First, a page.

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Americans with Disabilities Act
“No qualified individual with a disability shall, on the basis of disability, be excluded from participation in or be denied the benefits of the services, programs or activities of a public entity, or be subjected to discrimination by any public entity.”
28 CFR 35.130
At its core, the Americans with Disabilities Act is about access. The act, signed into federal law in 1990, requires stores, banks and other businesses with public buildings to guarantee service to people with disabilities. Part of the act details how building owners can upgrade entryways to provide access for the disabled. However, not all buildings need retrofits to comply with the law. A building’s construction date determines whether an upgrade is needed.
ADA-compliant doors must be wide enough to accommodate wheelchairs. The law calls for entryways to be at least 32 inches wide, as measured between the door’s face and the opposite doorstop when the door is open 90 degrees. Clearance around doors must be 36 inches. The law exempts doors that don’t require full passage to access a room, such as an entryway into a closet less than 2 feet deep. The minimum width on such doors is 20 inches.
For double doors, the minimum width is 48 inches, and the doors must swing in the same direction. The floor or ground around the door must be level and clear of obstructions. In addition, doorway thresholds can’t be higher than 3/4 inch for exterior sliding doors, and no higher than half an inch for all other door types. If a door is at the end of a hallway, wheelchair access requires a clearance around the door of 54 inches.
Federal law also governs handles, pulls, latches and locks, as well as a door’s opening force and closing speed. Hardware must have a shape designed for easy grasping with one hand, and can’t require tight pinching or wrist-twisting to operate. Hardware required for opening can’t be mounted more than 48 inches above the floor. A door with a closer must take at least three seconds to shut to within 3 inches of the latch. The maximum allowed force necessary to open a door is 5 pounds. The exception is a fire door, which must have the minimum force allowed under local zoning codes. Automatic-door units must be low-energy models, must take at least three seconds to open and can’t require more than 15 pounds of force to stop door movement.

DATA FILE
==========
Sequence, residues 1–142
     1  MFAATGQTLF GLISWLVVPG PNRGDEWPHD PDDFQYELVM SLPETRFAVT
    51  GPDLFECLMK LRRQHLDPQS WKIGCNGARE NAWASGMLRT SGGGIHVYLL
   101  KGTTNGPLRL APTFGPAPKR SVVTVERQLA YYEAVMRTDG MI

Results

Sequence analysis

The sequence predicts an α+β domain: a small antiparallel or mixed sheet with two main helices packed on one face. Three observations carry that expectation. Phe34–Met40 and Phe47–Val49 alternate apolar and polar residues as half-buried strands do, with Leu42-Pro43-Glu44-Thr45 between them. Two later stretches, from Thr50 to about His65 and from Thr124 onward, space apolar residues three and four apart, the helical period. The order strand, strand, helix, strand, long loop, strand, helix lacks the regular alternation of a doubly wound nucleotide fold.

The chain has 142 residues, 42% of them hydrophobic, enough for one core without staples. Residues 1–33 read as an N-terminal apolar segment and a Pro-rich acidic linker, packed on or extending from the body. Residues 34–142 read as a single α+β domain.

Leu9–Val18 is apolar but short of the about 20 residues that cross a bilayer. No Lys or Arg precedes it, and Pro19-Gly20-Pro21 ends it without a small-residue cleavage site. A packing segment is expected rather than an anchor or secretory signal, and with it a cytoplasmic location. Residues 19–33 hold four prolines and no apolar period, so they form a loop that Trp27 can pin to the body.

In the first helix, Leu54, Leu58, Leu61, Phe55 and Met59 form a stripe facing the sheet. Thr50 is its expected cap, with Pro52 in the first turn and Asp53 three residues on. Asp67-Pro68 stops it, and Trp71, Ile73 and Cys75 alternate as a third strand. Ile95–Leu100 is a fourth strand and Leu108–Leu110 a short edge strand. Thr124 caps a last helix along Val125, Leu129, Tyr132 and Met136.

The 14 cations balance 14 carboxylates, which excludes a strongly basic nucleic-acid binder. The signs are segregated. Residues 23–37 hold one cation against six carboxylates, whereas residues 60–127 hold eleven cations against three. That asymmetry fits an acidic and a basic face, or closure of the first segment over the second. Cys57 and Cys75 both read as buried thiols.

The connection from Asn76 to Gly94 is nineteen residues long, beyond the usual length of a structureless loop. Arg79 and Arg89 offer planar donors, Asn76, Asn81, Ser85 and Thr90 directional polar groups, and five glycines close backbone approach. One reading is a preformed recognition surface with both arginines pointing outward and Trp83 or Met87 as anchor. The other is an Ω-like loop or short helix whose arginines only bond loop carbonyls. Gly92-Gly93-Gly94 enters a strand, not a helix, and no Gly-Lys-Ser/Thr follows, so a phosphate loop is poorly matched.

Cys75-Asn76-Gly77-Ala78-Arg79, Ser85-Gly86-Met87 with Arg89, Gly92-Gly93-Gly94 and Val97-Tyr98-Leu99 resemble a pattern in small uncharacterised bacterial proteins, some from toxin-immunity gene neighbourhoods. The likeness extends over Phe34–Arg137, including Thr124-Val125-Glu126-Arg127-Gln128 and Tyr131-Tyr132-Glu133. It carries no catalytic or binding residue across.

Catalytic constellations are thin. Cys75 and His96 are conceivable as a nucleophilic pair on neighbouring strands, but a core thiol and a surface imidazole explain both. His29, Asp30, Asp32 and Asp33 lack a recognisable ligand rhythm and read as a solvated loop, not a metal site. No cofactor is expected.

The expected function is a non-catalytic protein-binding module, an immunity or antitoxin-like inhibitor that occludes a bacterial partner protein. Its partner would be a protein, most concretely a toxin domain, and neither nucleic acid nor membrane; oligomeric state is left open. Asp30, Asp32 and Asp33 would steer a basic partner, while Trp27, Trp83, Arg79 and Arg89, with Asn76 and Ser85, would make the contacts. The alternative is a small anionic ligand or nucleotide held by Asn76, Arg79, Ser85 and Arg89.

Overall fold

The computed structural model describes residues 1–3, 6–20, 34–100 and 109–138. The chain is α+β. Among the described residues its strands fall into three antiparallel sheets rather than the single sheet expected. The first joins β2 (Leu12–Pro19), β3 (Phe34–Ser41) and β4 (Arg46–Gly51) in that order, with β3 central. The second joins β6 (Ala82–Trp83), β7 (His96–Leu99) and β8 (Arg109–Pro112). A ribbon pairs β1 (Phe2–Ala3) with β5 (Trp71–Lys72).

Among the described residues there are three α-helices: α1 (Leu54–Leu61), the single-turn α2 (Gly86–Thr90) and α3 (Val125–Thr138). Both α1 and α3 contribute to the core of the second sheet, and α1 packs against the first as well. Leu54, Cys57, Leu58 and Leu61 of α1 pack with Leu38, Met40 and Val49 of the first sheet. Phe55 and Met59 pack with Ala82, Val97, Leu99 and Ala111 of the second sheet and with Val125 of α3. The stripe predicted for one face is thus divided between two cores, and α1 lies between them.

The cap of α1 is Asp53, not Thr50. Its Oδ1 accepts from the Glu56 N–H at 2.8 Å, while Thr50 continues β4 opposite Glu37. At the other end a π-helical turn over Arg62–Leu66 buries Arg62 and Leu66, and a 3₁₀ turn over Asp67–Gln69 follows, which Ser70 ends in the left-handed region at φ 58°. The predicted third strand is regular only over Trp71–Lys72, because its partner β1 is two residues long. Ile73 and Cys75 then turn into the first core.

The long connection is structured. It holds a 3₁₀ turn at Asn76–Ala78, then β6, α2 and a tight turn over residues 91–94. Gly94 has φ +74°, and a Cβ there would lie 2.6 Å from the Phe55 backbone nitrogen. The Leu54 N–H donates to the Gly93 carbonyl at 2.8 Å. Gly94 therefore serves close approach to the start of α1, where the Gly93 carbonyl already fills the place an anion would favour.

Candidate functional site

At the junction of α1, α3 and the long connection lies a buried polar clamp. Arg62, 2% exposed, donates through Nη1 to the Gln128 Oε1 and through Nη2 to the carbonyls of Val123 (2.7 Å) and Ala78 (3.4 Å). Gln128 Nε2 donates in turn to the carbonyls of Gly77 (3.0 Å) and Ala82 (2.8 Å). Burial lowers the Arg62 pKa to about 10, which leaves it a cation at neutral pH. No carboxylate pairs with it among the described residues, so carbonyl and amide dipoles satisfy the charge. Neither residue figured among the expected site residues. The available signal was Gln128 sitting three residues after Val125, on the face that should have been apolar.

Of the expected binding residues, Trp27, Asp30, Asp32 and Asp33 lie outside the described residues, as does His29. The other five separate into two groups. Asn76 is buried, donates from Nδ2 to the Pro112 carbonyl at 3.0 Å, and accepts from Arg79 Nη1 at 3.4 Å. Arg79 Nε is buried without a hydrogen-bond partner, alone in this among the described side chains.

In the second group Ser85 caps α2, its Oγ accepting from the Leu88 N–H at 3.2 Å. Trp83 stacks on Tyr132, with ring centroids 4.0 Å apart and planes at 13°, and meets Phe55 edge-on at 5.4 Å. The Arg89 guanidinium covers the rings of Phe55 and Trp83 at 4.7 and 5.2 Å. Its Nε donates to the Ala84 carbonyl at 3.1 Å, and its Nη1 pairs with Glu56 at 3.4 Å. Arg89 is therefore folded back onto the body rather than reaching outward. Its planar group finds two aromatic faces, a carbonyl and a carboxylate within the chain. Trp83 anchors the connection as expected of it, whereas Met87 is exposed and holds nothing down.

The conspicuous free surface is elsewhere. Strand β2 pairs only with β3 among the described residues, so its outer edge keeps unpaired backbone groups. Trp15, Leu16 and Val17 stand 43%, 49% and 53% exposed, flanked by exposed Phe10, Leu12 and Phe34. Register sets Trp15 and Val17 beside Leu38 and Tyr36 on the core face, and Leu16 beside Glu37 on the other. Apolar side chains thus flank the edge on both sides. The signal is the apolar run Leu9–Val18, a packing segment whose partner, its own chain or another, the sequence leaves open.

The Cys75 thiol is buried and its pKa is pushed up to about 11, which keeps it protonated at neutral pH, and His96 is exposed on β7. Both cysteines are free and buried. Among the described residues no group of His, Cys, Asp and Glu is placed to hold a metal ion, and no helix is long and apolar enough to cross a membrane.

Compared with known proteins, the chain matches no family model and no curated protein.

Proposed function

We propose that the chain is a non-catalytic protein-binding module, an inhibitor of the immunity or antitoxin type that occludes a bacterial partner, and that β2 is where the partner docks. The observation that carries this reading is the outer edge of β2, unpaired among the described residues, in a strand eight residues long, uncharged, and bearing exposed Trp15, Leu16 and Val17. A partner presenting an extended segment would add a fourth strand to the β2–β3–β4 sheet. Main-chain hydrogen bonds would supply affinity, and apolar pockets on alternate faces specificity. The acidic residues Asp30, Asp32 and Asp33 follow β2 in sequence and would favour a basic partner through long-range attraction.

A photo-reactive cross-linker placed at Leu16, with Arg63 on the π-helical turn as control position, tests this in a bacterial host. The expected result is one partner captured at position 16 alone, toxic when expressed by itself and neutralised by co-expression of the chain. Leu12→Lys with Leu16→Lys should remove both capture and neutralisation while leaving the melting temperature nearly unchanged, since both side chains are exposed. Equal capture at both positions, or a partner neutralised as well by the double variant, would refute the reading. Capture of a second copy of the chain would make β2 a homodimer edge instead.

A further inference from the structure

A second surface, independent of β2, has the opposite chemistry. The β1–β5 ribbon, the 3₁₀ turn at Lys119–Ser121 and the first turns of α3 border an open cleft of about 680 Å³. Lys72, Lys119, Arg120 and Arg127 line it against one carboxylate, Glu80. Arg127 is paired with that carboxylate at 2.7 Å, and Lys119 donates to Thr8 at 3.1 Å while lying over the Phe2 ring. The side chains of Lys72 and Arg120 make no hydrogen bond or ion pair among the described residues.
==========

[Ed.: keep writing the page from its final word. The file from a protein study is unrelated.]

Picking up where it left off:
The ADA also regulates access to a building’s doors. A building that has just one entrance up a flight of stairs, with no wheelchair ramp, violates the law. Exterior entryways must also connect via a wheelchair-accessible route to public transportation stops, to accessible parking and passenger-loading areas, and to public streets and sidewalks. The law also mandates that exterior doors link to all wheelchair-accessible areas inside the building. A service entrance can’t be the only accessible entrance into a building, unless it’s the building’s only entryway — for example, into a garage.
Not every building needs upgrades to comply with the ADA. The law’s accessibility rules went into effect Jan. 26, 1992, and property owners don’t have to retrofit doors on buildings built before that date. For example, operators of a museum built before the effective date could move inaccessible exhibits to a reachable area or offer a video of the exhibits, rather than install new doors.
The ADA requires only that owners of public accommodations such as shopping centers, hotels and restaurants remove access barriers in existing buildings when doing so doesn’t require significant difficulty or expense. Businesses can also wait to make modifications until they have the financial means to afford the upgrades and the federal government offers tax credits for retrofits. However, all buildings constructed or modified after the effective date must comply with the law.